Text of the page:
A study led by Chivers found that heterosexual women could be excited by sex videos of women-on-women, women-on-men, men-on-men and ape-on-ape, as well as scenes of human masturbation, while heterosexual men responded only to women-on-men and women-on-women images. “Women can quickly become aroused by a broader range of stimuli than men can, countering some popular myths about the conservative nature of women’s sexuality,” notes Chivers.

So where do you buy appropriate “adult entertainment”? Durvasula is a big fan of sex shops. You probably want erotic soft-focus porn, with real-looking actors (not those with pumped-up breasts) and a story line with no hint of violence; a staffer can send you to the correct section. “Some of the best salespeople I’ve ever seen are at these places. They’re like Tiffany’s!” Durvasula says.



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Use it

Vaginal dryness comes with age, but there are remedies. “The more frequently you engage in sexual activity, the healthier the vaginal tissue remains,” says Koffler. “It doesn’t matter if you’re operating with a dildo or a penis—the tissue will respond.” If you need lubrication, try one of the widely available vaginal moisturizers.



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Alter your expectations

Orgasms, like everything else, change over time. So rather than trying to recapture the intensity you experienced earlier, focus on the pleasure you’re experiencing now. “Just having someone stroke you wherever you find most erotic can be even more enjoyable when you’re not feeling the pressure of the race to orgasm,” says Koffler. And don’t assign a frequency to your sexual activity. “The quality of the experience means a lot more, particularly as couples get older, than whether they have sex twice a week or two times a month,” she says.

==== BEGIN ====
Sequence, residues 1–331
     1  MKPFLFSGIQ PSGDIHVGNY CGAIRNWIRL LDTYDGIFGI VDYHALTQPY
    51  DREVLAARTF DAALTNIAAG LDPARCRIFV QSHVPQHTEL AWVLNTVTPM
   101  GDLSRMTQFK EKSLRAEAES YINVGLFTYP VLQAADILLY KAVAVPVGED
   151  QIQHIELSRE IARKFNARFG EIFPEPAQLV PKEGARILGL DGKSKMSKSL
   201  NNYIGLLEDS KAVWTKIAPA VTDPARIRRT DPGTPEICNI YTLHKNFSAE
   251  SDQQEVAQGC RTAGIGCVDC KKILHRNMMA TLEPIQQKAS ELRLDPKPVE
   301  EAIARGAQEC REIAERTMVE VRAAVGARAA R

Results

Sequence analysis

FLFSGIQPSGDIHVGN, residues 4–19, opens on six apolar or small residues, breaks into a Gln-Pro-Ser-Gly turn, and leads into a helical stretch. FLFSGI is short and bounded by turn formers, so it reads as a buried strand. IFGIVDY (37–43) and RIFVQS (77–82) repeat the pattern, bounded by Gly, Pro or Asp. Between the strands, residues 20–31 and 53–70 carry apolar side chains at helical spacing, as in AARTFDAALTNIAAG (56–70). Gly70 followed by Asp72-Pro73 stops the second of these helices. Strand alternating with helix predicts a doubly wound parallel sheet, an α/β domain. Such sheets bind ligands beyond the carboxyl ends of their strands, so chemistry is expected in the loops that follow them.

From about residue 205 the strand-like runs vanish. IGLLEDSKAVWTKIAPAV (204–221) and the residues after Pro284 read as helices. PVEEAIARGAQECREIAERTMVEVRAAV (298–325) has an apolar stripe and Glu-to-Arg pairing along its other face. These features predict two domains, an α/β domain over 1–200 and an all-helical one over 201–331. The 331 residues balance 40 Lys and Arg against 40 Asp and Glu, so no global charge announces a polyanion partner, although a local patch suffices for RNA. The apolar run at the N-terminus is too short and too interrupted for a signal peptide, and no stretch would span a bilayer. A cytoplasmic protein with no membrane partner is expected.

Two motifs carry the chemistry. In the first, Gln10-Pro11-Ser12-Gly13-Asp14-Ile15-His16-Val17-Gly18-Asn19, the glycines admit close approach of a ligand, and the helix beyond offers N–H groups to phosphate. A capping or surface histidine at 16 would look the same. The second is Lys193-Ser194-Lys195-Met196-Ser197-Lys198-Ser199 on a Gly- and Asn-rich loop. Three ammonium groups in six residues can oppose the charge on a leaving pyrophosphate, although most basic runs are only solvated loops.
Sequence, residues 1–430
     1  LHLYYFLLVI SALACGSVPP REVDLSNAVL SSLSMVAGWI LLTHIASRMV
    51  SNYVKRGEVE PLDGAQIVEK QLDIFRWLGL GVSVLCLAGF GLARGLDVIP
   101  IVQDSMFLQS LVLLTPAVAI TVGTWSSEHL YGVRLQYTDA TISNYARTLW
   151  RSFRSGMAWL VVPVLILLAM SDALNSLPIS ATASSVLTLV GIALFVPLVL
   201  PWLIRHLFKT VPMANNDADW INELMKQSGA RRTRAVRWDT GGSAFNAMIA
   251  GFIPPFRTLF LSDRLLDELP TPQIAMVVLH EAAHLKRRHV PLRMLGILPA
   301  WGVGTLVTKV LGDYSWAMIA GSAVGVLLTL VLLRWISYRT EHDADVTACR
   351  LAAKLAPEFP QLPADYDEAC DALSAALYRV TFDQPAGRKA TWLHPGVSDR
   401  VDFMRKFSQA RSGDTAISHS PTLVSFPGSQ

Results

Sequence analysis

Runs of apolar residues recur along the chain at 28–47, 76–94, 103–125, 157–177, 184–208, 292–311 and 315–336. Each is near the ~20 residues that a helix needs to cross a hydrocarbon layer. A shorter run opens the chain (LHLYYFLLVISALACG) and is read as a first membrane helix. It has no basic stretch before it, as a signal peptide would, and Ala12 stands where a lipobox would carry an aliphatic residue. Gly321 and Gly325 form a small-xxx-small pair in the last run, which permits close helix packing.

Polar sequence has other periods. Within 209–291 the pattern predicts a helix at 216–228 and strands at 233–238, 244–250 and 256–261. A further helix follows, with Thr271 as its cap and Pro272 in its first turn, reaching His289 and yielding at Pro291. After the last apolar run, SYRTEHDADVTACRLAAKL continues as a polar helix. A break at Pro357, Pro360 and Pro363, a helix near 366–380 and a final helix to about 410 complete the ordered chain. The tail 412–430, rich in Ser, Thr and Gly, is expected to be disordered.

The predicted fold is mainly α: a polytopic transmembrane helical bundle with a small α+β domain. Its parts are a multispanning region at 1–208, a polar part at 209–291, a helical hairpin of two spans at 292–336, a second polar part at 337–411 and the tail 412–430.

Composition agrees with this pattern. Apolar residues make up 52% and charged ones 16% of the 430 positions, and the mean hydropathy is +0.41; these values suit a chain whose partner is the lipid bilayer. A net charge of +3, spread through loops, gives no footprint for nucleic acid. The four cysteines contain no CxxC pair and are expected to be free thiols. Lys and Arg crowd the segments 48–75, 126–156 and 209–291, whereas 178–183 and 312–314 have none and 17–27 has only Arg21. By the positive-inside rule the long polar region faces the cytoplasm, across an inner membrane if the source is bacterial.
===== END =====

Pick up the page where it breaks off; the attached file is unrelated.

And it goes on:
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This is Your Brain on Orgasm

In terms of reaching the BigO, the most importantaction is in your brain, not your body. Nerve impulses travel from the clitoris, vagina and cervix via the spinal cord to the sensory cortex of the brain. Using functional MRIbrain scans, which measure changes in neural blood flow, Rutgers University behavioral neuroscientist Barry R. Komisaruk, PhD, and his team have observed sequential activation in 80 brain regions as a woman masturbates, eventually reaching orgasm through clitoral stimulation. Here’s a sketch of the trajectory: As clitoral arousal increases, the hippocampus, the seat of memory, and the amygdala, which is involved with processing emotions, light up. The woman, says Komisaruk, coauthor of The Orgasm Answer Guide, may be recalling emotional memories or fantasizing. Just before and during orgasm, the cerebellum, which controls muscle tension, begins to burn bright. And as the woman climaxes, the hypothalamus shoots out the hormone oxytocin,which sparks uterine contractions, and the nucleus accumbens, the brain’s pleasure center, hits its activity peak.


“There’s a very powerful emotional response at orgasm. We see a tremendous activation of the brain,” says Komisaruk. Surprisingly, pain sensitivity is greatly diminished. This happens whether the orgasm springs from vaginal or clitoral stimulation. “Pressure in the vagina produces powerful pain blockage,” he says. “The blockage gets stronger if the woman experiences that as pleasurable and still stronger if she reaches orgasm.”


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Want MORE? Read: Have Your Best Sex Ever


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First Published Thu, 2011-12-15 15:40